The Kite Runner at Kennedy Center Proves Relevant and Compelling

The Kite Runner
The John F. Kennedy Center for the Performing Arts
Jordan Wright
June 28, 2024

The Kite Runner (Photo Via The Kennedy Center)

‘I became what I am today at the age of twelve,” recalls narrator and protagonist, Amir (Ramzi Khalaf) in the The Kite Runner. It opens in 1973 when Ari was a child living in a large house in Kabul with his father, Baba (Haythem Noor), a successful businessman. Young Hassan (Shahzeb Zahid Hussain also in the role of Farid) lived on the grounds in a nearby hut and was close to Amir’s age. The boys become inseparable, until Amir betrays him, abandons him and suffers from the guilt.

For a production that has enjoyed numerous versions since 2007, The Kite Runner is surprisingly relevant. This latest version landed at the Kennedy Center at the end of its national tour with a very short four-night run. If you didn’t catch it (there are two more nights) or have never seen it, I hope you can snag a few tickets. Set in Afghanistan after the fall of the monarchy, the Russian army’s ten-year occupation and battles against the mujahideen and other foreign factions, and the subsequent occupation by the ultra-conservative religious Taliban, who found new ways to suppress the culture while claiming they were helping the country get back to its roots, it recalls the struggles of a country that already had suffered from internecine religious and tribal conflicts.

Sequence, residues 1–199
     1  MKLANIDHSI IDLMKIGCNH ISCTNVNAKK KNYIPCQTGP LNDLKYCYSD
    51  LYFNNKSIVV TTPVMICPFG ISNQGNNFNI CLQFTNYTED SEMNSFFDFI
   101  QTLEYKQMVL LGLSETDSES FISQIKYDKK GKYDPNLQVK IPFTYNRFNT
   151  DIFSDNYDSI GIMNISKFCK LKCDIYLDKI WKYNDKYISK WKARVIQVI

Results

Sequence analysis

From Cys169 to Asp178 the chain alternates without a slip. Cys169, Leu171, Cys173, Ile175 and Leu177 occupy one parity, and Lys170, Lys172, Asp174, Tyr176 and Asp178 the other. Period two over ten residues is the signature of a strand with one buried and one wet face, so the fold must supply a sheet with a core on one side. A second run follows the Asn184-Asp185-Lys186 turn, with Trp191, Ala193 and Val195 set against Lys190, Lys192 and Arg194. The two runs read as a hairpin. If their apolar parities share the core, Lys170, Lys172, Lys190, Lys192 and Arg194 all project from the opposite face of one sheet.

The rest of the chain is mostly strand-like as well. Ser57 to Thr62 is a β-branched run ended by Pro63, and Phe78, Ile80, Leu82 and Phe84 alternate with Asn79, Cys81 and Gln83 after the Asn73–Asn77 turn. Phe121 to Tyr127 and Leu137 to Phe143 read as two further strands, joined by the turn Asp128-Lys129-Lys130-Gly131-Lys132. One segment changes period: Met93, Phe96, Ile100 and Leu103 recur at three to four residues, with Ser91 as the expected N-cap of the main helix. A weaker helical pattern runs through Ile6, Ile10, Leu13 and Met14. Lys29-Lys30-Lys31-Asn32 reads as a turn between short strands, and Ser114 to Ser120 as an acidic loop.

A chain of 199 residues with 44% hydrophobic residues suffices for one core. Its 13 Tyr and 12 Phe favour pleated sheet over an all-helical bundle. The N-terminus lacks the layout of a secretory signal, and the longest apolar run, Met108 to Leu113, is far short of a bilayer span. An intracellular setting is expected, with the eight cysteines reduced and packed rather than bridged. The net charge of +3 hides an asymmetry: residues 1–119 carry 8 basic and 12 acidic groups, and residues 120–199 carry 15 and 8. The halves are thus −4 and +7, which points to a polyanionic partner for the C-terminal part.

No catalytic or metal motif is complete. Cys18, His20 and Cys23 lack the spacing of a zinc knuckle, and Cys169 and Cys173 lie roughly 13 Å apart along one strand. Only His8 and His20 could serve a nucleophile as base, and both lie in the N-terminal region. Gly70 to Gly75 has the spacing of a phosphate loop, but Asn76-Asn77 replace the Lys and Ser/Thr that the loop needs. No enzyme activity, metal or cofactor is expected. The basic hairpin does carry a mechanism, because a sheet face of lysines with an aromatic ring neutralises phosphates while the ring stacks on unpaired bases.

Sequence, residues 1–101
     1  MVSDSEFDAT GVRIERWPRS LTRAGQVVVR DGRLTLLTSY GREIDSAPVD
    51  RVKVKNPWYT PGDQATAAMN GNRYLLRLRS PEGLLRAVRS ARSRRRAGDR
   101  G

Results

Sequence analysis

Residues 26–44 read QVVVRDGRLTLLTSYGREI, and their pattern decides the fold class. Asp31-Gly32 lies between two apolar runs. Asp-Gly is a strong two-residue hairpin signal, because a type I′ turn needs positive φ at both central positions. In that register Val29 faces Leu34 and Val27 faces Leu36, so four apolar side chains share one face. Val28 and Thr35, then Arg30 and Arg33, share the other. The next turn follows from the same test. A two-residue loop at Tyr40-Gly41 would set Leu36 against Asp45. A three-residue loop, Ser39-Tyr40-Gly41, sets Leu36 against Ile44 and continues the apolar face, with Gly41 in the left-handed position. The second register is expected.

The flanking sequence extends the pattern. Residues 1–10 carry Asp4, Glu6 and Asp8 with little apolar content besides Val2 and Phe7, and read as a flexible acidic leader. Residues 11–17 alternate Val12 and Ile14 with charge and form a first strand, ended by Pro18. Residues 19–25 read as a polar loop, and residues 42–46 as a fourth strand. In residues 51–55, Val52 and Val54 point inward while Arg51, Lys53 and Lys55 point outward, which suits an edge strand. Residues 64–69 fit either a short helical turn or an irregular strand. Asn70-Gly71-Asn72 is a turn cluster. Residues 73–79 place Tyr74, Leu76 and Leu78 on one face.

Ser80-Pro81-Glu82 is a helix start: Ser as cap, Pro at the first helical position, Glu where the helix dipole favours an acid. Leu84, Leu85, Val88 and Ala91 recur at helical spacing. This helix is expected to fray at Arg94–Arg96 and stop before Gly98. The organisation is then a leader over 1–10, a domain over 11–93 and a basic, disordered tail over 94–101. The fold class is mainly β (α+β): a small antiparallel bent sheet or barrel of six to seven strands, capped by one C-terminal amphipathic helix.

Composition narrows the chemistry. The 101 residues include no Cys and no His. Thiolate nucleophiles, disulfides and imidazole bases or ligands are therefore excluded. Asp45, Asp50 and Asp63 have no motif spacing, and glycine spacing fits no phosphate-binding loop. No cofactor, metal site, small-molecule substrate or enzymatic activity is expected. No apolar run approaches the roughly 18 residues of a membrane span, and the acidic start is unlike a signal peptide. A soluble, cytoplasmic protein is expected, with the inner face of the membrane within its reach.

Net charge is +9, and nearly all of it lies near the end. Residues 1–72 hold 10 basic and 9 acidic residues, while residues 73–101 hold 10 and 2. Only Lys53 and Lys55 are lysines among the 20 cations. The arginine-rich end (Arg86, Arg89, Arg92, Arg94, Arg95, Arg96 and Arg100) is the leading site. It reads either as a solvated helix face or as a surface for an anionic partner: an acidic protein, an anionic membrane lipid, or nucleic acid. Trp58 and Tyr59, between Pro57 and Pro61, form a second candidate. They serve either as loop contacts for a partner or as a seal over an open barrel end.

Women were beaten in the streets if any parts of their bodies or hair were showing, school for females was shot down, flouters of the new rules were decapitated in public stadiums where attendance was required, dancing, radios and TV were banned and one of the nation’s most popular pastimes, kite flying was forbidden, which is what brings us to this compelling story from best-selling author, Khaled Hosseini.

The Kite Runner (Photo Via The Kennedy Center)

The parallels to current religious wars, massive refugee horrors, internecine tribal warfare and the slaughter of innocent civilians are all too familiar. In this gripping drama we have the advantage of gallows humor to ameliorate the horrors of war.